Wearing a suit as he symbolically ground a sledgehammer into a sidewalk in downtown San José, Mayor Johnny Araya Monday inaugurated a project to rip up crumbling sidewalks and replace them with new brick-like squares of concrete.
This ¢124 million ($240,310) project is part of San José Posible (San José Possible) a municipality initiative to turn the city around by making it more attractive and pedestrian-friendly.
Sidewalks are being replaced in a 6,000 square meter area, running east to west from Calle 7 to Calle 1 and north to south from Ave. 1 to Ave. 4, explained San JoséMunicipality spokeswoman Teo Dinarte.
The pieces of concrete workers will lay in this area are the same as those pedestrians now trod along Ave. 4 on a blocked-off stretch spanning west from La Soledad Church to the area behind Banco Popular.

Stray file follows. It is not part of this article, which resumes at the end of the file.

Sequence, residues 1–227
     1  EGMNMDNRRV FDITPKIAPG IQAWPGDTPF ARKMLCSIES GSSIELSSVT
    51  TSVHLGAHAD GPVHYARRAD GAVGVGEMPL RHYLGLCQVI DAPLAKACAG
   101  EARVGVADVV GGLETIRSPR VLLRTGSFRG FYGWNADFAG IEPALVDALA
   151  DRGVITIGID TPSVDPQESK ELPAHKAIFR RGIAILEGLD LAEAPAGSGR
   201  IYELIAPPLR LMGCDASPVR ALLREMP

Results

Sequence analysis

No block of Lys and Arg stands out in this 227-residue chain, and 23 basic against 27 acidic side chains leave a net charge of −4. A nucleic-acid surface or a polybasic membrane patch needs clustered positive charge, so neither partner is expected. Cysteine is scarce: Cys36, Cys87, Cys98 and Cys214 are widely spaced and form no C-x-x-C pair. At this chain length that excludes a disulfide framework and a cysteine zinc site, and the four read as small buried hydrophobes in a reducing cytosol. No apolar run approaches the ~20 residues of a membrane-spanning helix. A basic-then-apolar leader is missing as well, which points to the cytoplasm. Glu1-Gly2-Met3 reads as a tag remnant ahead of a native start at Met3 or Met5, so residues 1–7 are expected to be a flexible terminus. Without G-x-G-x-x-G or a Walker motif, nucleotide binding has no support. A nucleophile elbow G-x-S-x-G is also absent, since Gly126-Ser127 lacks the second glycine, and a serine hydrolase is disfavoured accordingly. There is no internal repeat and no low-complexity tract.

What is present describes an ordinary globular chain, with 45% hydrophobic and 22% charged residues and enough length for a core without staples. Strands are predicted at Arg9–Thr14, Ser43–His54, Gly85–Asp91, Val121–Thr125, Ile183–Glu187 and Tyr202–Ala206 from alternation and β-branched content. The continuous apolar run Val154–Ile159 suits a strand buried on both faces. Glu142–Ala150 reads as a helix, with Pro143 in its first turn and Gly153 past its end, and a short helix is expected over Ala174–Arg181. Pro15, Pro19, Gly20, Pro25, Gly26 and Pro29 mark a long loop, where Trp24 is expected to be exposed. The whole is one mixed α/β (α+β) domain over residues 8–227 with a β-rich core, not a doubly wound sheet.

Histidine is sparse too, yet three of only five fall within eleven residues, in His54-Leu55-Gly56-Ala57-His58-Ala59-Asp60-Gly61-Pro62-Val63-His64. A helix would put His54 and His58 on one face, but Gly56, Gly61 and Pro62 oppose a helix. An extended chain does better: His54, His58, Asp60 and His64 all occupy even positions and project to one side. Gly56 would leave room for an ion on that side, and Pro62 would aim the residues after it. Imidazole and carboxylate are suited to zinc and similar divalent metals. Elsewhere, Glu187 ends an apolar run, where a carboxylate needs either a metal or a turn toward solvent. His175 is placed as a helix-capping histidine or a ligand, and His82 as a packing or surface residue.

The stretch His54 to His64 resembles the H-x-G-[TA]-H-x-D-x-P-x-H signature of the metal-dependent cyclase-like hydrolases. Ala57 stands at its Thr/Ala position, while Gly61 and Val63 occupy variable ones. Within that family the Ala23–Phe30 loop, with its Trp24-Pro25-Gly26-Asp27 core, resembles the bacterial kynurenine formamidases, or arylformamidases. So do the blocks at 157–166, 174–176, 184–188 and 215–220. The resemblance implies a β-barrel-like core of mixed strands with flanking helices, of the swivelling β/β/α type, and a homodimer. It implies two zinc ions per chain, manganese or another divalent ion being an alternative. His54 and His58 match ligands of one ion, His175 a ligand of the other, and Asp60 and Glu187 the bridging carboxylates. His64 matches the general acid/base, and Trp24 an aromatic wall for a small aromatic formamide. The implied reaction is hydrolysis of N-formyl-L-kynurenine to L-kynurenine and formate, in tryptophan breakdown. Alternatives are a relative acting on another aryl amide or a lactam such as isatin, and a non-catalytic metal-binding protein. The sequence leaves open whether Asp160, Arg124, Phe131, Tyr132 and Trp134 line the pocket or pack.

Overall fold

“This is an important effort to renovate the center of the city,” Mayor Araya told The Tico Times, adding that wheelchair ramps will be added to the new sidewalks to comply with a law mandating them in public places.
As part of San José Possible, the municipality is also working with the Public Security Ministry to put more police on the streets to make the city safer for pedestrians taking advantage of these new walker friendly sidewalks, he said.
The sidewalk project is expected to be completed in December. Next year, the municipality hopes to revamp another 5,200 square meter stretch and also expand the Ave. 4 walking boulevard farther west to the Diario Extra office.
Regarding the new Ave. 4 pedestrian boulevard, San José resident Alberto Salas said he appreciates the improved walking conditions but isn’t so pleased with the traffic gridlock created by blocking off this main thoroughfare.
“It’s a project to beautify this area and it’s nice aesthetically, but in terms of traffic flow, it’s not such a good thing,” he said.